Friday Fun: Cold weather and hot fires

Car-based chaos expected to continue as cold weather conditions become more frequent.

By Jeff Sanford

Toronto, Ontario — January 5, 2017 — In today’s Friday Fun: extreme weather drives huge business for collision repair facilities across Canada, a warning on car-share insurance, and much much more!

Deep Freeze

The past few weeks have been all about the cold weather in North America. The National Weather Service in the U.S. issued wind chill advisories for most of the country. Evidently, there has been no end to the reports of major auto accidents across the continent, especially in the U.S. south. Drivers in Texas, Louisiana and Georgia, unaccustomed to driving on icy roads, have seen their vehicles sent to repair shops in droves. With worse weather predicted for the weekend, the car-based chaos can be expected to continue.

Reports appeared in local newspapers across the continent commenting on the sudden pick-up in business at collision repair shops as a result of the extreme weather.

Bodyshop manager at Fred Mueller Auto Body was quoted as saying the shop is backed-up with business that is triple what it was in the summer. “Most of the guys are working extra hours to catch up,” said the manager, who pointed out that deer were particularly prone to becoming victims of wintry collisions. “In cold weather deer tend to move more often, mostly in the morning and evenings… even though we had our hunting season, there’s still deer out there on the road and we get quite a few this time of year.”

A report from Iowa quoted the owner of Precision Collision Auto Body Center as saying this has been his busiest Winter after four decades. The owner has doubled the volume in his shop compared to a usual week. “We’re a lot busier than we were last year… We’ll probably be busy for a couple months from this,” he was quoted as saying. The shop has seen much damage to front and rear bumpers as cars slide into each other on icy roads.

A newspaper article noted that, “… county-wide [motorists] often waited several hours before a wrecker arrived to tow their disabled car, truck or SUV to the nearest service garage…“ According to the owner of a tow business, “We’re straight out. We’ve been doing double to triple the number of calls, getting to people within 60 to 90 minutes.” Agents for AAA Northeast fielded 62,000 calls throughout southern New England over just a couple days, according to the report. bit.ly/2lNGCby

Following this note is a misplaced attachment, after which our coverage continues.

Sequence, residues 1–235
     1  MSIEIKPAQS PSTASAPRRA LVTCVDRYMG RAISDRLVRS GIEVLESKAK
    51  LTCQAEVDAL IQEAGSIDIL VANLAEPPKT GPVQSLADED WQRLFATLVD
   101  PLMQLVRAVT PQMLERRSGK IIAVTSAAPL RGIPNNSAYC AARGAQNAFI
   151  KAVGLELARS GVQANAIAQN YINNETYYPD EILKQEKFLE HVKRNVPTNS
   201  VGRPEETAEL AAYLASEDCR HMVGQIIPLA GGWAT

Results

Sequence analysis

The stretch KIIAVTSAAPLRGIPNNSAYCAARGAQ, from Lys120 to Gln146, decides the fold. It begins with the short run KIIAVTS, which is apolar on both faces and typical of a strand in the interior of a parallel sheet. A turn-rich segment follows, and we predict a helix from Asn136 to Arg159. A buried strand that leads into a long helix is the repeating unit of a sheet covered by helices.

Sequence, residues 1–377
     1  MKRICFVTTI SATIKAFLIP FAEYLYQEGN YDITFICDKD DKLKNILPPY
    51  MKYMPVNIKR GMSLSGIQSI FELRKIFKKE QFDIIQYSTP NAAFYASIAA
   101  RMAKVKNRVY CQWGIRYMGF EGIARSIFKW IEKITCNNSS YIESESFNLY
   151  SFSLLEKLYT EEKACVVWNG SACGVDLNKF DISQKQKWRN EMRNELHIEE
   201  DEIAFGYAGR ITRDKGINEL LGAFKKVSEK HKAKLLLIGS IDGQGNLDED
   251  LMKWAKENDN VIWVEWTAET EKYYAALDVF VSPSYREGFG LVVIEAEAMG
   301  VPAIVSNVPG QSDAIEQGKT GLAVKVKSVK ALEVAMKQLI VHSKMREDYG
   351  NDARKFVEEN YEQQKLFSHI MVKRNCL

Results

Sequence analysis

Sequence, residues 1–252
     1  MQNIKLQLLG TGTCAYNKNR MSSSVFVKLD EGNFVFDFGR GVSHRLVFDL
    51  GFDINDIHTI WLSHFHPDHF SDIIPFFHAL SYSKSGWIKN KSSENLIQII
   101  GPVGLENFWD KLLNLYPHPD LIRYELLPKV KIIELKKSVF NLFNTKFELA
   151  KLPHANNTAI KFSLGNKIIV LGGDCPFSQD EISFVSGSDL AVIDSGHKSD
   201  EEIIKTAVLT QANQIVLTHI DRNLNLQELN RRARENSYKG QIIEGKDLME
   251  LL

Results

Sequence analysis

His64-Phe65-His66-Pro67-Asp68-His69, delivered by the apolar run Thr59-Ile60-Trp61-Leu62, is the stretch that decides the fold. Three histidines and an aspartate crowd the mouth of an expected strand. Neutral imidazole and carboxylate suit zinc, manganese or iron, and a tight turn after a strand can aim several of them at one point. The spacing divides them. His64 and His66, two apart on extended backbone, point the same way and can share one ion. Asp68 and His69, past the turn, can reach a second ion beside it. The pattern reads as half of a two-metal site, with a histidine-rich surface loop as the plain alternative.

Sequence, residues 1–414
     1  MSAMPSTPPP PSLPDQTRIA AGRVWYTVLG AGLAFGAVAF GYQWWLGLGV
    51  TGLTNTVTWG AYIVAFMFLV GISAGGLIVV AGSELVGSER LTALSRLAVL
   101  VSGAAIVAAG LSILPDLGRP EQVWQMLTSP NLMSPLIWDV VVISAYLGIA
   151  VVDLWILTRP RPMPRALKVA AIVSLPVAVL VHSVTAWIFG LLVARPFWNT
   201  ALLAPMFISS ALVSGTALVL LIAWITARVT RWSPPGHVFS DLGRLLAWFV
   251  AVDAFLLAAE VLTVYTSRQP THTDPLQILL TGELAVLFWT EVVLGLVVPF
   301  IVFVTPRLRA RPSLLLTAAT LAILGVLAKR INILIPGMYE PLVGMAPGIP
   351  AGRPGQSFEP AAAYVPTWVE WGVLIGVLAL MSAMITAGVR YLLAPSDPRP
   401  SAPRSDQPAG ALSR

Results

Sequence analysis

Tesla’s in Winter

Another story related to the cold weather: A newspaper in Montreal ticked off some owners of electric vehicles (EVs) this past week when they ran a front page story detailing the troubles that owners of electric cars have in cold weather. The owners of EVs are dealing with lower battery strength as more energy is drained to heat cars. Batteries in EVs also tend to be less efficient in extremely cold temperatures.

An owner of a Tesla in Quebec responded to the article with a blog post on Electrek, a website for news about EVs. The Tesla owner offered up the math on what it means to drive an EV in the Quebec cold.

According to the owner, “Last weekend, I had to travel 150 km (mostly highways) each way to stay at a family member’s cottage north of Montreal. My Tesla Model S P85 gets about 400 km of range on a full charge, so normally I wouldn’t even think about it, even though I can only charge on a 110-volt outlet for a day at the house… But with the temperature around -25C and no Supercharger on the route (yet), I wasn’t exactly sure how it would turn out… I didn’t change my driving habits (I drive at about 118 km/h in good conditions) to get to the location and ended up arriving at the cottage with 177 km left—meaning that I used about 223 km worth of range in cold weather to travel 150 km. That’s 48 percent more energy than in ideal conditions.” The owner went on to say that, after spending the weekend at the cottage he added another 73 km in range by being plugged in to the 110-volt outlet.

“With 250 km of range and having done the trip on 223 km two days before, I was confident that I would be able to make it back…” He stopped on the way back to charge at a station for ten minutes. That added another 30 km of range. “I also slowed down to about 110 km/h on the highway with more traffic on our way back… To my surprise, my range was still 100 km when I arrived home, which means I could have almost made the trip both ways without charging at the cottage or at the DC fast-charging station… Put that on your front page Journal de Montreal.” Critics of EVs use the phrase “range anxiety” to describe the mental state that comes with having to constantly monitor the distance travelled when using an EV. This Tesla owner was having none of it.